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suppose this mystical sacrifice of the Phenicians, to have contained the typical allusion contended for, we must then admit, that among that most idolatrous and abandoned people, (as we learn from the Scripture history the people of Canaan or Phenicia were,) a more exact delineation of the great future sacrifice was handed down by tradition, than was at the same early age vouchsafed to the favoured nation of the Jews. The prophetic tradition, giving birth to the institution, had probably, Bryant observes, been preserved in the family of Esau, and so transmitted through his
posterity to the people of Canaan. But was it not at least as likely that such a tradition would have been preserved in the family of Isaac, and so transmitted through his posterity to the people of the Jews? I am upon the whole therefore rather disposed to think, that this sacrifice of the Phenicians, grew out of the intended sacrifice of Isaac by Abraham, to which the circumstances of the history seem to correspond in many particulars.
First, it is remarkable, that the very name, by which God describes Isaac, when he issues his order to Abraham to offer him in sacrifice, is TIT,* Jehid, agreeing with the Phenician name Jeud given to the son of Kronus. Again, if Anobret has been justly explained by Bochart, as sig
* " Take now thy son, (77'7') thine only son." Gen. xxii. 2.
nifying ex gratiâ concipiens," no epithet could be with greater propriety applied to Sara, the wife of Abraham; of whom the apostle says, “ Through faith Sara received strength to conceive,--when she was past age.” Again, that Abraham should be spoken of by the Phenicians, as a king, who reigned in those parts, is not unlikely, considering his great possessions and rank* amongst the surrounding people: and if the name assigned by the history be actually Israel, or is, as the abbreviation of Israel, little doubt can then remain as to its application, there being nothing unreasonable, (notwithstanding Vossius's remark noticed in p. 383,) in supposing him called by the title of the famous Patriarch whose progenitor he was, and from whom a whole people took its
If even we should suppose the true reading to be Il, as equivalent to the El of the Hebrews, and so consider him as ranked amongst the divinities of the Phenicians, as the other parts of the history undoubtedly describe Kronus to have been, there is nothing in this so very surprizing: especially when it is remembered, that Kronus is related to have been advanced from a mortal to the heavens. There is also an expression used of Abraham in Gen. xxiii. 6, which, by a slight variation of the rendering, would actually represent him as a supreme God, in perfect correspondence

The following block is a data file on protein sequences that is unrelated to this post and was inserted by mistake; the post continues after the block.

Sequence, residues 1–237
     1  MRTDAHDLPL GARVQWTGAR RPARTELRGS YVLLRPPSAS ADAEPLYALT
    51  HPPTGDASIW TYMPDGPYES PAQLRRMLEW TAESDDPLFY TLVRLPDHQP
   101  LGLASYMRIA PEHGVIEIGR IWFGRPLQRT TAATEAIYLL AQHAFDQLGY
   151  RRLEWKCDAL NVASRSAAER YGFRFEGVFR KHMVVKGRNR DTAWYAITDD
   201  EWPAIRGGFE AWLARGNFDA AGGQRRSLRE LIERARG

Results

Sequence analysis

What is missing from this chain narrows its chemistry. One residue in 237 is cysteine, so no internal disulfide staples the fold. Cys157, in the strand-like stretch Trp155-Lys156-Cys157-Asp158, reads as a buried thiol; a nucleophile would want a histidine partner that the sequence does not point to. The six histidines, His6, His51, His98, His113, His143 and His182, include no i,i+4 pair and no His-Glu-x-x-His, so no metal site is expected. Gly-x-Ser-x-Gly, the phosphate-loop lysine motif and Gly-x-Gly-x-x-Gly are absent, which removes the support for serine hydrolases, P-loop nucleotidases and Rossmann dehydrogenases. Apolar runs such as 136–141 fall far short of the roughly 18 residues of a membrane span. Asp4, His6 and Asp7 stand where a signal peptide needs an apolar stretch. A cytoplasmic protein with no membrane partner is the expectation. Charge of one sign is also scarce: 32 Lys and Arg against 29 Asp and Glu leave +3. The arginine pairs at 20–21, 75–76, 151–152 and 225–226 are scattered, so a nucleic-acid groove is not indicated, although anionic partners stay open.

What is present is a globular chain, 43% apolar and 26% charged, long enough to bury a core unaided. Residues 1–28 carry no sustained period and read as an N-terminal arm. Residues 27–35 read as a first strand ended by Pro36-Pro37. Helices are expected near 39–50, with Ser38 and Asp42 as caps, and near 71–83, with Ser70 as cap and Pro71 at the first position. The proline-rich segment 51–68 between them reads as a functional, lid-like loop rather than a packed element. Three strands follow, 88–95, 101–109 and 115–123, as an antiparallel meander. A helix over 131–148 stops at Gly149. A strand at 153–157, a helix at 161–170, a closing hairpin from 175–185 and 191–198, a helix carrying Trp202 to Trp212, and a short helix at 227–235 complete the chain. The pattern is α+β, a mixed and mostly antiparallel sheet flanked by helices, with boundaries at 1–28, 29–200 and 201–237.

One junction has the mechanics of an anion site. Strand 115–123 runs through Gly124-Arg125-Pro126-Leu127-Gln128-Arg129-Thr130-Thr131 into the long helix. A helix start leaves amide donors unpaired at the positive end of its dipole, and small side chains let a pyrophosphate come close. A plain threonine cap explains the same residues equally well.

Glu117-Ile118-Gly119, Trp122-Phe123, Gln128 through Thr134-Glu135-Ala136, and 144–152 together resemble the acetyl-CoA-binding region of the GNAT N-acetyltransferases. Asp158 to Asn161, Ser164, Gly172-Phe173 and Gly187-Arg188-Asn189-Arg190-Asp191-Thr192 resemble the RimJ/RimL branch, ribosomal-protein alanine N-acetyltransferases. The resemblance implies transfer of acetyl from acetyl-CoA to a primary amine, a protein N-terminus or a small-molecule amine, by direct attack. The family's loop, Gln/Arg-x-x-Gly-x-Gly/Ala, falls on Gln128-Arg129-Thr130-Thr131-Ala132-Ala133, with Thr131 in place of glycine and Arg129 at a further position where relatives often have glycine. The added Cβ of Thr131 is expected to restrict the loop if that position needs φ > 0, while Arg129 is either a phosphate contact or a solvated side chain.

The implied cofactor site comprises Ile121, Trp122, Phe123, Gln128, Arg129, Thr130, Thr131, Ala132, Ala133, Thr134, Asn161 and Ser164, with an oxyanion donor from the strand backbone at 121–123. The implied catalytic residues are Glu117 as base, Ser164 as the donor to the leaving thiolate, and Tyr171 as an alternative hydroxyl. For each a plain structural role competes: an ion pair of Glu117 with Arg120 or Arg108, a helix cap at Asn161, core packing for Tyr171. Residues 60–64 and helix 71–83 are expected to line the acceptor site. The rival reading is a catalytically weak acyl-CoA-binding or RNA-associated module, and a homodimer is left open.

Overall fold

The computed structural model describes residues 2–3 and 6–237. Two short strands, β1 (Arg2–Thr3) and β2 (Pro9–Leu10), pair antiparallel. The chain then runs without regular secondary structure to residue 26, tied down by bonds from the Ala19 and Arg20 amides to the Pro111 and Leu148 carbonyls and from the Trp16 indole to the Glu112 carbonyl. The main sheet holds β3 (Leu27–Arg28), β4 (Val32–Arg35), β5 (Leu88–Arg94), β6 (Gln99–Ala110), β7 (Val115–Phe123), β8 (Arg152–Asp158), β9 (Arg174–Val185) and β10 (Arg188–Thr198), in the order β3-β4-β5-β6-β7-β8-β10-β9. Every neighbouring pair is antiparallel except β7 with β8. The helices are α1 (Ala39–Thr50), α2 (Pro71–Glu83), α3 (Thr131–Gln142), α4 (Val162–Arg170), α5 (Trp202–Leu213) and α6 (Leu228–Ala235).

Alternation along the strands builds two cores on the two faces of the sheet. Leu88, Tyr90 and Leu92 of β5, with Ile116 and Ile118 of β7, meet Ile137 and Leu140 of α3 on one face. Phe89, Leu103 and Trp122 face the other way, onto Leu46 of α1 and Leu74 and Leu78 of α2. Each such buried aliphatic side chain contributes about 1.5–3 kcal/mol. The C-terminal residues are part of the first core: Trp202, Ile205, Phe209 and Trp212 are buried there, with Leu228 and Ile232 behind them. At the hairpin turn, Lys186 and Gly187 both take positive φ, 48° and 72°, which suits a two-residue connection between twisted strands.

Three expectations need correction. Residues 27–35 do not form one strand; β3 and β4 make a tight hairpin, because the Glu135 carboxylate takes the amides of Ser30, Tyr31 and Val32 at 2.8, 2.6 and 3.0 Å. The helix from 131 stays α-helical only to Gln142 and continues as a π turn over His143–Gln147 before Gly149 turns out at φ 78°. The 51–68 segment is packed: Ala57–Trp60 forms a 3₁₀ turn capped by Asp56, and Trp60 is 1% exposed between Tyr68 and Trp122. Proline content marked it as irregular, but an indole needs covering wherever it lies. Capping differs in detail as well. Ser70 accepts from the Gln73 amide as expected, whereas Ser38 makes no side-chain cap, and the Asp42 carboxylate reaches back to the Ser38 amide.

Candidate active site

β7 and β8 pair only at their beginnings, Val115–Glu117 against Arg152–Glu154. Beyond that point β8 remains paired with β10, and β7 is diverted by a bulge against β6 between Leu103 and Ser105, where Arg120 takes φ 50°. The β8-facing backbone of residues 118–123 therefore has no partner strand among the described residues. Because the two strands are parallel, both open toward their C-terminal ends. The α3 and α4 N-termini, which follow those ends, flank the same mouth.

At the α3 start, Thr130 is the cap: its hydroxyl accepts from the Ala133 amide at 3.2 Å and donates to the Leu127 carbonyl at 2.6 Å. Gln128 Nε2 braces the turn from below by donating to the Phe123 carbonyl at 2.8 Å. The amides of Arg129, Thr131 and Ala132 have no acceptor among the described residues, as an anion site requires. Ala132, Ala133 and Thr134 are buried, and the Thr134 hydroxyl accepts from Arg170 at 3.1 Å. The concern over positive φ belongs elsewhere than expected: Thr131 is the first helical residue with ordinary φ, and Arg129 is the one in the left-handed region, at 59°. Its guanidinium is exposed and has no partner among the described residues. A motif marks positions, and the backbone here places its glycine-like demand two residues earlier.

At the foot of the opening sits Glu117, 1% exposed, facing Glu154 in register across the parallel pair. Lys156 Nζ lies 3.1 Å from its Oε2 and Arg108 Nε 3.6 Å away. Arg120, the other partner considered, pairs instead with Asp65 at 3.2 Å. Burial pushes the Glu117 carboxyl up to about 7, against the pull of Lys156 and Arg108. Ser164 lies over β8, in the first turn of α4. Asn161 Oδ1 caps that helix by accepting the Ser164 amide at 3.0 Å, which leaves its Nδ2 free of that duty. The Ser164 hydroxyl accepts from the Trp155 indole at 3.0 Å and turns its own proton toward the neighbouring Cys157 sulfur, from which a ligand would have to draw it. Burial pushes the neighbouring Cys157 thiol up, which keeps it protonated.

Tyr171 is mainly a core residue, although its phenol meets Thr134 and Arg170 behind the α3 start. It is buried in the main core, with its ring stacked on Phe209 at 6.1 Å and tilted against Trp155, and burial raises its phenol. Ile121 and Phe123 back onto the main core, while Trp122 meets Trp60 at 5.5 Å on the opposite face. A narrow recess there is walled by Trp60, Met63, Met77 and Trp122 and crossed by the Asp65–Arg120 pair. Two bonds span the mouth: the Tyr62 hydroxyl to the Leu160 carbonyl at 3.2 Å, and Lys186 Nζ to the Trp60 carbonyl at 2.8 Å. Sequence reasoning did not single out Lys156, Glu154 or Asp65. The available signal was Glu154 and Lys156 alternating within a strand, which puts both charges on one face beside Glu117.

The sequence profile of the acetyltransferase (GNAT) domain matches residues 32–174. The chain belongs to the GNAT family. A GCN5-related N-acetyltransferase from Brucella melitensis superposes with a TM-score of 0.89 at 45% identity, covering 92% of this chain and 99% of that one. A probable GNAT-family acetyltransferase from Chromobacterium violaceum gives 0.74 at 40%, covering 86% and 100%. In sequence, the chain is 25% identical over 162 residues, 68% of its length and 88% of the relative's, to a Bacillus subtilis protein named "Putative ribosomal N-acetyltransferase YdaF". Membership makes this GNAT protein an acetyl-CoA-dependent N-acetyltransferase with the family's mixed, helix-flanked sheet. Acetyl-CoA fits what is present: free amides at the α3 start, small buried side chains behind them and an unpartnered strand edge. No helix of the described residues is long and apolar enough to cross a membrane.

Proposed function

* See Gen. xxiji. 6. where Abraham is addressed as a king: “ Thou art a mighty prince among us.”
with all that we have seen applied to Kronus. The expression I allude to is om , which is strictly rendered a prince of God, a known Hebraism for a MIGHTY prince, as it is accordingly given in the .common bible, the literal English being placed in the margin. Now this might with equal accuracy, (Onths being a plural word) be rendered, a prince of Gods, and would accordingly by those who held a plurality of Gods, as the Canaanites did, be so rendered : and thence he would come to be considered as supreme, or chief among the gods. And accordingly we find
the Elohim, described as the associates of Kronus : • Συμμαχοι Ιλα τα Κρονα Eλωειμ επεκλήθησαν.
(Euseb. Præp. Evang. p. 37.) But yet farther, another circumstance remains to be noticed, which seems to give confirmation to the idea, that Abraham was the Kronus of Sanchoniatho. We are told of Kronus by this writer, (Præp. Ev. p. 38.) that he was the author of the rite of circumcision. Και τα αιδοια περιτεμνεται, ταυτο ποιησαι και τες αμ’ αυτω συμμαχες καταναγκασας και Etiam pudenda sibi ipse circumcidit, sociosque omnes ad simile factum per vim adigit. This ex. actly corresponds to what is said of Abraham, in Gen. xvii. 27.--See Stilling. Orig. Sacr, pp. 571, 372. Shuckford's Connexion, i, pp. 326, 327, and particularly Bochart Phaleg. tom. i. pp. 711, 712.